Welcome to WebmasterWorld Guest from 54.145.118.24

Forum Moderators: Ocean10000 & incrediBILL & phranque

Message Too Old, No Replies

Query strings in RewriteMap

     
12:18 am on Jan 21, 2015 (gmt 0)

Junior Member

5+ Year Member

joined:Apr 3, 2009
posts:57
votes: 0


I'm working on adding a lot of 1:1 redirects for a site migration and the list I've been given contains a lot of URLs with query strings they'd like redirected. I'd like to use a single rewrite map file containing all URLs with and without query parameters. I came across the solution here [stackoverflow.com] which appears to be the same thing I'm after. Here is an example of the URLs in my redirect map list:


/ --> http://www.example.com/us/en/main.html
/?ps=1 --> http://www.example.com/us/en/main.html
/browse.cfm?prdID=99ABCDE-88FG-77HI--66JKLMNOP --> http://www.example.com/shop/catalog/item/12345
/pdfs/iteam-A.pdf --> http://www.example.com/shop/catalog/item/112233
/Products/View.cfm?cat=ItemClass&ID=0123ABC --> http://www.example.com/us/en/main/category1/subcategory1/productDetail.html
/previews/?d=7788 --> http://www.example.com/us/en/main/category1/subcategory2/productDetail.html
/Products/Search.cfm?prdID=88900ABCDEF-77GH-66IJ-55KLMNOP --> http://www.example.com/us/en/main/category1/subcategory2/productDetail.html


I've tried using the below in my config, but I keep getting a redirect loop with and without a query string. I know I don't have the proper conditions to capture all the query string URIs in my example, but would expect the one I'm working on to work. Any suggestions on what I should try next?


RewriteEngine on
RewriteMap rdm txt:/apps/httpd-2.4.10/conf/extra/redirects/rdm.txt

#Base URL contains a query string
RewriteCond %{HTTP_HOST} ^.*test.com
RewriteCond %{REQUEST_URI} ^/(b|B)rowse.cfm$
RewriteCond %{rdm:%1?%{QUERY_STRING}} ^(.*\?.*)$
RewriteRule ^.*$ %1 [R=301,L]

#Base URL does not contain query string
RewriteCond %{HTTP_HOST} ^.*test.com
RewriteRule ^.*$ ${rdm:$1} [R=301,L]
8:01 am on Jan 21, 2015 (gmt 0)

Senior Member from US 

WebmasterWorld Senior Member lucy24 is a WebmasterWorld Top Contributor of All Time 5+ Year Member Top Contributors Of The Month

joined:Apr 9, 2011
posts:13681
votes: 446


RewriteRule ^.*$ %1 [R=301,L]

Likeliest culprit: You're missing a ? at the end of the target to get rid of the existing query string. Otherwise the condition keeps being true forever. The targets are supposed to end up having no query, right? Otherwise there doesn't seem much point.

As long as we're here...

RewriteCond %{HTTP_HOST} ^.*test.com

The ^.* isn't needed. In fact the Condition as a whole isn't needed unless more than one site is passing through this same section. Are these RewriteRules lying loose in the config file, or in a <Directory> section limited to one site?

RewriteCond %{REQUEST_URI} ^/(b|B)rowse.cfm$

Never put something in a Condition that can go in the body of the rule. The server has to waste time evaluating conditions on every single request ever, when it could just take a quick look at the pattern in the Rule itself.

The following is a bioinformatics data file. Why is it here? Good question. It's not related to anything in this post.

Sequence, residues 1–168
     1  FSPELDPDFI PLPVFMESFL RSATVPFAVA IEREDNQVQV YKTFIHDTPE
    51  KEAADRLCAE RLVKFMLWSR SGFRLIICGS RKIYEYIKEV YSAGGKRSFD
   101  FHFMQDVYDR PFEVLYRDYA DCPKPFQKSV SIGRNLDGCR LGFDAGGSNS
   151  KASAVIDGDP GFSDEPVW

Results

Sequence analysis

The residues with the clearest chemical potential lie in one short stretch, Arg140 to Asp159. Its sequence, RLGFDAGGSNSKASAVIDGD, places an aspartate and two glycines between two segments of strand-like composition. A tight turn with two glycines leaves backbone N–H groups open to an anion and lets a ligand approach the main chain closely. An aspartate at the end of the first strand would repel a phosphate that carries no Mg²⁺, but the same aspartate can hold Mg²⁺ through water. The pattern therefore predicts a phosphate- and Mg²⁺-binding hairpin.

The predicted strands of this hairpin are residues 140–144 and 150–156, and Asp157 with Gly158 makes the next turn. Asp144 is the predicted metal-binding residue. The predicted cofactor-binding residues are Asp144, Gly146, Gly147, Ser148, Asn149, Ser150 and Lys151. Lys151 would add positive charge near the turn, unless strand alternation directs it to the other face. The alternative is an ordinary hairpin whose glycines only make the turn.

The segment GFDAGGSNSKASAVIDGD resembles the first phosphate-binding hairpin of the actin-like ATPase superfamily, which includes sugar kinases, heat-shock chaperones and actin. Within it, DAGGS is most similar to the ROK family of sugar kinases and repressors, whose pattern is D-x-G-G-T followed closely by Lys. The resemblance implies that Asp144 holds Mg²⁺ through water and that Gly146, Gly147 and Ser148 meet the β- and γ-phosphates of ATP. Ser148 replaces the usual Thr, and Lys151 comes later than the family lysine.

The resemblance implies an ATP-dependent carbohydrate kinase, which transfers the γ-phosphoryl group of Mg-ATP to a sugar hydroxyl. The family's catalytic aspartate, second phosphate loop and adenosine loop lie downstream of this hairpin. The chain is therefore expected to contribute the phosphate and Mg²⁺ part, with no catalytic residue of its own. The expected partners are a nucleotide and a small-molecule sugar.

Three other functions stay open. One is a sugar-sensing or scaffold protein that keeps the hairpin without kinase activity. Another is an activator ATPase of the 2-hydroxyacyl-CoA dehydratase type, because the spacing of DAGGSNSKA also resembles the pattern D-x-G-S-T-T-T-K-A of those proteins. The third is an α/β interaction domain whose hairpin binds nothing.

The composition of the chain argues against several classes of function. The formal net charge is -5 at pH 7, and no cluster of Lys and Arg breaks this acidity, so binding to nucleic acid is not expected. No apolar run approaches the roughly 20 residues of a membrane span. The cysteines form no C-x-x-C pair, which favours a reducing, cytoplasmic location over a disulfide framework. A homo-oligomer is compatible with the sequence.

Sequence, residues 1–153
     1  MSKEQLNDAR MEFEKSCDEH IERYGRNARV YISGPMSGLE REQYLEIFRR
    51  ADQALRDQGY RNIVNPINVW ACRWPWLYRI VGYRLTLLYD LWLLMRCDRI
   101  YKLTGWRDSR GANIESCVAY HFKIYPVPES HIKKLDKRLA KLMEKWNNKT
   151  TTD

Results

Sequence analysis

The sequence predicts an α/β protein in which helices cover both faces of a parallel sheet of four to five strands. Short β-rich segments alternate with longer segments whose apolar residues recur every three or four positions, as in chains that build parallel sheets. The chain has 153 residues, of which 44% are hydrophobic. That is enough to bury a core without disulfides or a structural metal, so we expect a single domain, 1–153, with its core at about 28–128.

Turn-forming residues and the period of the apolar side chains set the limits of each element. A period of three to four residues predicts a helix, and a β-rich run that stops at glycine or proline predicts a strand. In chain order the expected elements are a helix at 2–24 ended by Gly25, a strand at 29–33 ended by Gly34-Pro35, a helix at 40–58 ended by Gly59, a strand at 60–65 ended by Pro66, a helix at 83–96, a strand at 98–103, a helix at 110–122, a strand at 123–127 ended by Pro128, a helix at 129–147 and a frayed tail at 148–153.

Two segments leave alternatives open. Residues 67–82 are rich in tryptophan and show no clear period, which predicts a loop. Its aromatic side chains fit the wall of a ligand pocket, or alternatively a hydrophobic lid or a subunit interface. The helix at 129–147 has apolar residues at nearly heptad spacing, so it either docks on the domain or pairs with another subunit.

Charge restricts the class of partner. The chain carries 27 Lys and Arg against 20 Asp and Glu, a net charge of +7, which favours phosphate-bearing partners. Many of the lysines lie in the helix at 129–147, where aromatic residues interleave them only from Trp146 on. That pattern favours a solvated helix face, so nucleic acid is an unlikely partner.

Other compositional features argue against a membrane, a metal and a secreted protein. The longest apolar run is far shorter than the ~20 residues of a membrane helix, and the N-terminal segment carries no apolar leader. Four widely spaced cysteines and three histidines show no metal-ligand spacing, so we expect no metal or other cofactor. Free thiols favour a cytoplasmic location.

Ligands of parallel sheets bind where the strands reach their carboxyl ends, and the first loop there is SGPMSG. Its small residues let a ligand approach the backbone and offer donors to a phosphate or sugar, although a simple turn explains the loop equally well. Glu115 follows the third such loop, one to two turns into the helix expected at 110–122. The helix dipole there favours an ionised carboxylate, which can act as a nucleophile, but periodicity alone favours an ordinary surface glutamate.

RewriteCond %{rdm:%1?%{QUERY_STRING}} ^(.*\?.*)$

Don't use non-final .* or .+ if you can possibly help it. What is this line intended to do? It seems a bit recursive.

RewriteRule ^.*$ %1 [R=301,L]

See above about Conditions and body of rule. It would be far more efficient to express the rule as
RewriteRule /(b|B)rowse\.cfm$ http://www.example.com/ {etcetera} [R=301,L]

(Replace the leading / in the pattern with the actual path, whatever it is at this point.)

Always include protocol-plus-domain in the target of an external redirect-- unless this part is variable and therefore has to be part of the RewriteMap. This doesn't seem probable. If protocol-and-domain are always the same, it makes no sense to repeat them over and over in the RewriteMap instead of just saying them once in the rule target.

#Base URL does not contain query string

But the rule doesn't say so. You need a RewriteCond that says
RewriteCond %{QUERY_STRING} !.

meaning "there ain't none".

The first rule is for a specific URL, so that goes in the body of the rule. Is the second rule for all (other) URLs, or only for pages? How do you stop the second rule from executing on requests that have previously been redirected via the first rule? Seems like you'd need at least one more Condition.
9:36 pm on Jan 21, 2015 (gmt 0)

Junior Member

5+ Year Member

joined:Apr 3, 2009
posts:57
votes: 0


My setup is just a blank Apache 2.4.10 install where I'm using my local hosts file to point the DNS I'm working on these redirects for to it as a POC. All of the configs are in a virtual host block. I modified the RewriteRule for the block containing query strings to include the ? like below, but no luck. I actually did have the QUERY_STRING is null line in the second rewrite block initially and it did get cutoff when I pasted by accident.
RewriteRule ^.*$ %1? [R=301,L]


The purpose of this setup is to handle the sunset of a large site where all products are being moved to another site. As of right now they've given me a list of about 10K URLs containing query strings they want redirected to specific pages on the new site. This list will likely grow. There's only a handful of URLs that can be handled with a single rule based on the pattern and don't contain a query string. If I can't use the rewrite map, my other choice is to implement each of these URLs as a RewriteCond QUERY_STRING/RewriteRule combo. Regardless of my approach I have no way to avoid every single request being matched against the rules for query strings since that's the majority of the redirects. It's really frustrating how mod_rewrite just won't go a little deeper to include matching the query strings in rewrite maps by default. As an example, they took the individual rewrite rule line approach on a previously sunset site and that redirects config file has over 155K lines and over 100K of those lines are unique RewriteCond {QUERY_STRING}/RewriteRule entries.
10:23 pm on Jan 21, 2015 (gmt 0)

Senior Member from US